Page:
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How Physician Employment Affects Hospitals, Patients



Doctors are being warmly welcomed by healthcare organizations eager to employ them as a means to augmenting market share. But what does this mean for patient care and reimbursement rates?



6 comments on "How Physician Employment Affects Hospitals, Patients"
DonS (12/8/2011 at 1:22 PM)

A complex issue and while some points are valid I would contend that care integration can be achieved without MD employment. The short term effect is to increase costs for patients as ancillary services previously billed by the MD on a CMS 1500 are now billed by the hospital on a UB92. The reimbursement difference is staggering. And consolidation of the providers wont keep down costs - if what I have heard about Sutter Health in CA is true. Lastly, if employed docs keep all the care within the system walls, is that really best for the patient? What system can be best in everything? I'd like the doc to make the best choice for me without having to worry about his employer.
Paul Sauer, MD (12/3/2011 at 7:45 AM)

Once the doctors are controlled by the hospitals and government, their compensation with fall. The doctors will have no leverage to negotiate salary. Will it become like England where doctors make $60,000 to $70,000 a year?
David Keller MD (12/2/2011 at 8:05 PM)

Missing from the article is the effect employment can have on physician productivity... I've seen clear evidence that employment makes physicians less productive and often less responsive to the needs of their patients. It's not all bad, but there are a number of negatives not discussed in the article.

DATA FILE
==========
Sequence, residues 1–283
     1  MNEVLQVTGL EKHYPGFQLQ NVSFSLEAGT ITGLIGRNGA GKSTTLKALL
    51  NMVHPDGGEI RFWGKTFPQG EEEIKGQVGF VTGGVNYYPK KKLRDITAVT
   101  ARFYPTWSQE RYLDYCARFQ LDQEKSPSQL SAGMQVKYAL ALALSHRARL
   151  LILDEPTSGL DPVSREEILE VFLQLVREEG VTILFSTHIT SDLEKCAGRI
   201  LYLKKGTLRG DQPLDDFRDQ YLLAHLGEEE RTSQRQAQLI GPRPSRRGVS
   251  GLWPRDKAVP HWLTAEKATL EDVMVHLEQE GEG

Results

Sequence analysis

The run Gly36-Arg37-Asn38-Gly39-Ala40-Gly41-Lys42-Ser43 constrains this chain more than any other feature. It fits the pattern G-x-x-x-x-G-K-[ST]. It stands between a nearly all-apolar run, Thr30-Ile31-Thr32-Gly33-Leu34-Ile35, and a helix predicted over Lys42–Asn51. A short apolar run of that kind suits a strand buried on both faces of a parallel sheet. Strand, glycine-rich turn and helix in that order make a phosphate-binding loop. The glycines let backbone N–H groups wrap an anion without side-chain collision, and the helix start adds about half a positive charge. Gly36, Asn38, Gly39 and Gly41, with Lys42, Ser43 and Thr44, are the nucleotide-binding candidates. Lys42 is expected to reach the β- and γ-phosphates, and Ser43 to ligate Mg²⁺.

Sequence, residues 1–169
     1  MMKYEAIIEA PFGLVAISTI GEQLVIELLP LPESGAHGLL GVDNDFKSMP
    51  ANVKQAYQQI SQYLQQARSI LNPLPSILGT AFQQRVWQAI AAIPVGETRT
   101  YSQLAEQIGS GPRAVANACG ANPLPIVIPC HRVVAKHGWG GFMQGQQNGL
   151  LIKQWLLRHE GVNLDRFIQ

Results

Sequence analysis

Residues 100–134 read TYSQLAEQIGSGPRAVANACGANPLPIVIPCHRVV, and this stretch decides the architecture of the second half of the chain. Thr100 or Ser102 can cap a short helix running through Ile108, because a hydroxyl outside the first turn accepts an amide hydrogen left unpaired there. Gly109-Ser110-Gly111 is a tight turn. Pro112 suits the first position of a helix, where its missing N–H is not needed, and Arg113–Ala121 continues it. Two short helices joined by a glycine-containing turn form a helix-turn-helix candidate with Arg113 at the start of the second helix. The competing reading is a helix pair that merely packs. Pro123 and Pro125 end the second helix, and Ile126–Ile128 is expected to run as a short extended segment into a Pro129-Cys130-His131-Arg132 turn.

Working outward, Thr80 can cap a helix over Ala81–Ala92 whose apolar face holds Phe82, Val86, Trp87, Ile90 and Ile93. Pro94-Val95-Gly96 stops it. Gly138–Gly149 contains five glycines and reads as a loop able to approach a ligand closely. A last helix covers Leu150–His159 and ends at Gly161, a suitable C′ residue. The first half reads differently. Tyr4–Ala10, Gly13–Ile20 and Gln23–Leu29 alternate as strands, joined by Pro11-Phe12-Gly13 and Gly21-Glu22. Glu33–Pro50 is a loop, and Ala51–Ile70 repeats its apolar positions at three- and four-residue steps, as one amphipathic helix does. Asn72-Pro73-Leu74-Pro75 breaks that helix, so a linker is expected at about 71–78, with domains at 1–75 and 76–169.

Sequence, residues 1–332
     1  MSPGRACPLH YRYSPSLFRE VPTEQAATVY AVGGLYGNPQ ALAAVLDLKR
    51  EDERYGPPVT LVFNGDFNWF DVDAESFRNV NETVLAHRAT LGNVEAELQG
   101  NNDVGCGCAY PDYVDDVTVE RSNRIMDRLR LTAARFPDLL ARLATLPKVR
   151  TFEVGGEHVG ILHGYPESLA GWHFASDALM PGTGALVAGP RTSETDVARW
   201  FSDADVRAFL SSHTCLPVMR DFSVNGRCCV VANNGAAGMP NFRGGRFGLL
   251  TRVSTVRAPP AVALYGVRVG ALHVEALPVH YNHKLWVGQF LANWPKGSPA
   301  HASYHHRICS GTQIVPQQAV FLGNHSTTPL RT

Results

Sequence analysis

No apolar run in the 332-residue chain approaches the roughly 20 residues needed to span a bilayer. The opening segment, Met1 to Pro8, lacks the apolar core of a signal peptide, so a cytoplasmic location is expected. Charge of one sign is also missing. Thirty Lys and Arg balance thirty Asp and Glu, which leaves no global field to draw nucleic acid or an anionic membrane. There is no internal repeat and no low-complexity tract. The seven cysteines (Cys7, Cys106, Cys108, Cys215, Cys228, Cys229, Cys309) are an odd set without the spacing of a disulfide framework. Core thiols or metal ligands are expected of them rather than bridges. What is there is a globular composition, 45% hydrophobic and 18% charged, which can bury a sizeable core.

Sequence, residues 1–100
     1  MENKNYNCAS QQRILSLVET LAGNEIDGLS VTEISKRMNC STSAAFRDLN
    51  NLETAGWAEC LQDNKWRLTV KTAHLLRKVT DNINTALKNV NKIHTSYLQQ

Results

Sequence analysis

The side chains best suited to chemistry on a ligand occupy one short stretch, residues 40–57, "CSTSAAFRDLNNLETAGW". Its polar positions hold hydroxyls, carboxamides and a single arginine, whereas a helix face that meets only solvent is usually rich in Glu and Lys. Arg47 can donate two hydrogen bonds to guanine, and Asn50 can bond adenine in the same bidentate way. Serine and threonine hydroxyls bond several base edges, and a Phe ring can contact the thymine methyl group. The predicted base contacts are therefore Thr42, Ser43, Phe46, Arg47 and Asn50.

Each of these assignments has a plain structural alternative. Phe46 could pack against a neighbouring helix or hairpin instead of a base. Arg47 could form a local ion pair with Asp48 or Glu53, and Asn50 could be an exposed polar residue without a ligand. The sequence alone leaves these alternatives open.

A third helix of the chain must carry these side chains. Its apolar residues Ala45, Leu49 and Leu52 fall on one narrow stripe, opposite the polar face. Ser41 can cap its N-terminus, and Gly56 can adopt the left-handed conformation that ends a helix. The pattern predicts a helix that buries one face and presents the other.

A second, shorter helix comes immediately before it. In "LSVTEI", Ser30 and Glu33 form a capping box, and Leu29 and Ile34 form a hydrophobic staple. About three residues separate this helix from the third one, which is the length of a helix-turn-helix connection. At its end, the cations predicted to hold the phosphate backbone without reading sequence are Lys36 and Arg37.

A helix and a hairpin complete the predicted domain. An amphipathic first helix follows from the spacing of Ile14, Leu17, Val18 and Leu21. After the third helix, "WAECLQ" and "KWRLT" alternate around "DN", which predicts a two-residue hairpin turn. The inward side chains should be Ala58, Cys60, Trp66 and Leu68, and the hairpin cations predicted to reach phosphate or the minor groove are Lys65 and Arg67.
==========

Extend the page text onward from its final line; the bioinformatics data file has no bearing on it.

Gus Geraci, MD (12/2/2011 at 10:21 AM)

Last few paragraphs need more discussion. The implications of a system employing the majority of the physicians in a region creates a monopoly with the potential for havoc on rates adversely affecting the community.
Healthcare Executive (12/2/2011 at 10:14 AM)

The aggregation of physicians by "not-for-profit" mega health care systems is being done to for the sole purpose of dominating a market and removing competition, both independent and other non-profits. Anyone who believes creating large oligopolies or monopolies will lower healthcare costs is dreaming (or didn't take economics in college). The first thing hospitals do after acquiring providers is take that volume and apply the higher hospital rates. Insurers and payers are helpless to prevent this because there are no other providers in the market. Prices go up and systems get larger. They are using their lobbying dollars to get rid of anti-trust laws for healthcare. We are witnessing the demise of competition in health care.
doug kane md (11/17/2011 at 11:19 PM)

The title of physician in all it's meaning cannot be spoken in the same breath as hospital employee. The two terms are mutually exclusive. The individual who chooses employment should be stripped of the physician title and assume the designation of "employed provider" instead. Just a thought....think about it doctors, and think hard.